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If you’ve ever wondered how to engineer a flexible robot that can move like a flesh-and-blood creature, have we got some tools for you. Thanks, that is, to an open-source collaboration that has outlined exactly how to create and program such “soft” robots.
Researchers from the Harvard School of Engineering and Applied Sciences (SEAS), in collaboration with Trinity College Dublin, released the Soft Robotics Toolkit that provides people with everything they need to know to build this squishy technology, including tutorials, example source code, descriptions of all the supplies required, links to suggested suppliers, and multimedia descriptions of how to build and control the robots.
Why Make Soft Robots?
The group defines soft robotics this way:
Soft robotics is a growing field that takes inspiration from biological systems to combine classical principles of robot design with the study of soft, flexible materials. Many animals and plants are composed primarily of soft, elastic structures which are capable of complex movement as well as adaptation to their environment. These natural systems have inspired the development of soft robotic systems, in which the careful design of component geometry allows complex motions to be “pre-programmed” into flexible and elastomeric materials…. The inherent compliance of soft robots makes them highly adaptable to a wide range of tasks and environments. In particular, they are ideally suited for interactions with humans, from assisting with daily activities to performing minimally invasive surgery.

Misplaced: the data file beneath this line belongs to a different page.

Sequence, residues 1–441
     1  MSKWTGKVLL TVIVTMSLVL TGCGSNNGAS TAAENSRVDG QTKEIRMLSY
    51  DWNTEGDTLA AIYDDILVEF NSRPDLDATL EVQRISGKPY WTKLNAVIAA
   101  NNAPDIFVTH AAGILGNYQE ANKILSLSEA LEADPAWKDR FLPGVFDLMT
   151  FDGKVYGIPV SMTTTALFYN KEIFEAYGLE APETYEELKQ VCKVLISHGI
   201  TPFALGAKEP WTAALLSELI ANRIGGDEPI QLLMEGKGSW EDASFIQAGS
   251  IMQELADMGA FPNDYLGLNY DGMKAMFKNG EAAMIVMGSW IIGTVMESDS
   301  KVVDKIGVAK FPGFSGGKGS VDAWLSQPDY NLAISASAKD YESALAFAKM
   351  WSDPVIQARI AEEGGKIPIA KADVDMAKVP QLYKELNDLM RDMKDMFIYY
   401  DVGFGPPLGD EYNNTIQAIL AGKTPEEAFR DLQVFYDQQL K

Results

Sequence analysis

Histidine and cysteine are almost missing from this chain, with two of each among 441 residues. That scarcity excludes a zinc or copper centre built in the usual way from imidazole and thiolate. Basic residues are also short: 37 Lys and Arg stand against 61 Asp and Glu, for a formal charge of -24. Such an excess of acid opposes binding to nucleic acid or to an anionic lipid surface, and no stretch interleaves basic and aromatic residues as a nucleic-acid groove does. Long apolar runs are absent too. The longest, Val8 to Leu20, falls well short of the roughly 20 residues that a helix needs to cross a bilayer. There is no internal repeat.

Soft robots are made of elastomer, a type of polymer similar to rubber. They can be programmed to perform behaviors such as grasping a human hand or crawling across the ground. Eventually, researchers say that soft robots may be instrumental in things such as physical therapy, minimally invasive surgery, and search-and-rescue operations.
By using soft robotics, engineers have created projects like a pneumatic glove for rehabilitating hand movement, a cardiac simulator that mimics the precise movements of a human heart, and a device for thumb rehabilitation. All these case studies can be found on the site.
Pick Up Those Tools
The researchers designed the toolkit to be a learning resource for high-school and university students interested in building soft robots. Two cohorts of Harvard students have used the kit so far. To provide others with the same opportunity, the researchers are now making the kit available to the world.
“We intend to continue to develop the material on the website, and are inviting soft robotics researchers, educators, and students from other institutions to get involved in using and developing the resource,” Dónal Holland, visiting lecturer in engineering sciences at the Harvard SEAS, said in an email interview. “We hope for this to spread far beyond Harvard.”
They are now talking to educators in the U.S., Ireland and Brazil about how to use the toolkit, he said.
Of course, creating soft robots isn’t for everyone—some projects require equipment such as a vacuum chamber and centrifuge. Although the site provides explicit technical details, some hobbyists may lack the skills to model their own softbots.
But researchers are optimistic that students of all ages can use the toolkit to learn about soft robotics. It may also serve as a resource for the soft robotics research community at large, providing others with details and information that’s not easily available elsewhere.
“By pooling this information, we hope to advance research in the filed by allowing people to build upon each other’s work rather than reinventing the wheel,” Holland said.
Photo and video courtesy of Harvard SEAS